Primary reasons a child will need braces

There are three primary reasons that a child may need braces to correct the position of the teeth – dental function, dental health and aesthetic:

Dental Function

Function refers to the ability to use your mouth for eating, speaking and possibly some other activities such as playing a musical instrument or scuba diving (I once treated somebody who had to have a custom-made regulator, as he couldn’t use a standard diving mouthpiece due to the position of his teeth and jaws!).

Will my child need braces

There are a few specific instances where the position of the teeth may affect function, for example if they don’t meet (an open bite) or are unduly prominent (an increased overjet).

Dental Health

There are a number of reasons that tooth position would need braces to correct as it can affect dental health:

  • Teeth that remain buried in the gum or impacted (stuck against another tooth) might damage the teeth either side or contribute to tooth decay.A prominent bite
  • A poor bite may cause tooth wear or damage the gums
  • Prominent teeth are more liable to be damaged by trauma. Teeth that stick out are twice as likely to be damaged in childhood than those in an average position.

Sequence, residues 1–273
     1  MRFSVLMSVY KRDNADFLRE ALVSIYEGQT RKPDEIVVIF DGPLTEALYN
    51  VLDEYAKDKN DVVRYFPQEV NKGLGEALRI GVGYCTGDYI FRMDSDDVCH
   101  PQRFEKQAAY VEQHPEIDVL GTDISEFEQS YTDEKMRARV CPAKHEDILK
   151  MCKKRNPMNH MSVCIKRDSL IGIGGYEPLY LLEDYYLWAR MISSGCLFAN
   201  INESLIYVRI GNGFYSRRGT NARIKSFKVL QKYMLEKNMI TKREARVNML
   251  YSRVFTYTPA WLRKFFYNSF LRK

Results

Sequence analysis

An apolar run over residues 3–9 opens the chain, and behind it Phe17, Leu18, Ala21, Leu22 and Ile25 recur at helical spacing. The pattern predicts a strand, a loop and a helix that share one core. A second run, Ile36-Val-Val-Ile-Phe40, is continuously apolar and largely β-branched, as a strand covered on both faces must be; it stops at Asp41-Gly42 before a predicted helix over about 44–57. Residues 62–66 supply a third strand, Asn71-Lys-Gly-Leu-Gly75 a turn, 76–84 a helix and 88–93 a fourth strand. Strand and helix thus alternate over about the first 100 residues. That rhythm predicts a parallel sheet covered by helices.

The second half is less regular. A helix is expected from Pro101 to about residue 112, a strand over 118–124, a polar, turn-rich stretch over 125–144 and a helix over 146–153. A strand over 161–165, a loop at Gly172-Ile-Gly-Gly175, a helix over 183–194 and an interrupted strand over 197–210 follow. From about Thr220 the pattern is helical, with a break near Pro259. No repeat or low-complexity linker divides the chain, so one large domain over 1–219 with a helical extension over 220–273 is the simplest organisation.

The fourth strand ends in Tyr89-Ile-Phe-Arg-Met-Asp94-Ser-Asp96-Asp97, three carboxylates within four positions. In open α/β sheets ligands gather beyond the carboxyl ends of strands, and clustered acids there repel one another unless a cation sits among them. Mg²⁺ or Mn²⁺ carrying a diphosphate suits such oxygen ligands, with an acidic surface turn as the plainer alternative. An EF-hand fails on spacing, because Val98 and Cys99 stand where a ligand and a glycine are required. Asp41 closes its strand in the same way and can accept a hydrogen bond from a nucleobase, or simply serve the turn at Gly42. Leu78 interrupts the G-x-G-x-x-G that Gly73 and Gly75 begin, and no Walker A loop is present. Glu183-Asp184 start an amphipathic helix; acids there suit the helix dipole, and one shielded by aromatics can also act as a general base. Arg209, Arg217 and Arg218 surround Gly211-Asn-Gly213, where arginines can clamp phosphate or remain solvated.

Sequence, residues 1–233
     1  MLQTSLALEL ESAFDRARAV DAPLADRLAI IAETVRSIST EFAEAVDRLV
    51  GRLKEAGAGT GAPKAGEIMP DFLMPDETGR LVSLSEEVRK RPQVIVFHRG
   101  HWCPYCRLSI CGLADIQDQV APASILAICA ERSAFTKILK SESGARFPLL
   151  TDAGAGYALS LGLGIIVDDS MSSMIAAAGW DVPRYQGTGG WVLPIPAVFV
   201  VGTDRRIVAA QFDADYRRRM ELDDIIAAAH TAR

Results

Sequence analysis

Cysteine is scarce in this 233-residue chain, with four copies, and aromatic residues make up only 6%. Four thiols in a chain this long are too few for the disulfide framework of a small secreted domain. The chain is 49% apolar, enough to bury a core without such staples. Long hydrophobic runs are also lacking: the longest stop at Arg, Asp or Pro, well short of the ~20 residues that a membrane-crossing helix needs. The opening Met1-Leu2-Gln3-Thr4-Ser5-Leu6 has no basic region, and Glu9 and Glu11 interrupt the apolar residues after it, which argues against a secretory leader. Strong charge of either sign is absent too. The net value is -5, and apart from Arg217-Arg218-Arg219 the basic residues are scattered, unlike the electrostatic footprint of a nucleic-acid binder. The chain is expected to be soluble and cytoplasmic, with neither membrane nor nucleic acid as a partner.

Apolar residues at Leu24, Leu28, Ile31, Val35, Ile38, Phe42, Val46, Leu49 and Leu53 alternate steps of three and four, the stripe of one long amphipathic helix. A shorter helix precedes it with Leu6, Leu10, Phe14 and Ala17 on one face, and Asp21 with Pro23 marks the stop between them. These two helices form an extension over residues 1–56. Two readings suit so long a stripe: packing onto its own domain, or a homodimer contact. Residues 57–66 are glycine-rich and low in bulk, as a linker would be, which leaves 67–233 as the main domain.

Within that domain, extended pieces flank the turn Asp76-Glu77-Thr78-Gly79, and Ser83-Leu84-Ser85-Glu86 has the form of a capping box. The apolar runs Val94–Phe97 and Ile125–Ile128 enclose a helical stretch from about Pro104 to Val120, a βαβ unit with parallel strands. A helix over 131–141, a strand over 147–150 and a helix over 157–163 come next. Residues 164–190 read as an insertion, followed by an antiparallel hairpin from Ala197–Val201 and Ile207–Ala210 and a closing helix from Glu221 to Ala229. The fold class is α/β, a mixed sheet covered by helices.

Crooked teeth, whilst more difficult to clean, don’t necessarily cause tooth decay or gum problems.


The majority of orthodontic treatment we do is to correct the aesthetics or appearance of the teeth.

Aesthetics has been shown in many studies to affect the quality of life of a patient, so it shouldn’t be dismissed as vanity or being any less important than dental health or function. With the rise of social media and smartphone photography, facial appearance has become, rightly or wrongly, more important to many people, especially teenagers. Thankfully wearing braces is no longer considered something to be embarrassed about. If a teenager is concerned about the appearance of braces, with the latest advancements in orthodontic technology, we can now offer less visible options.

Assessment of need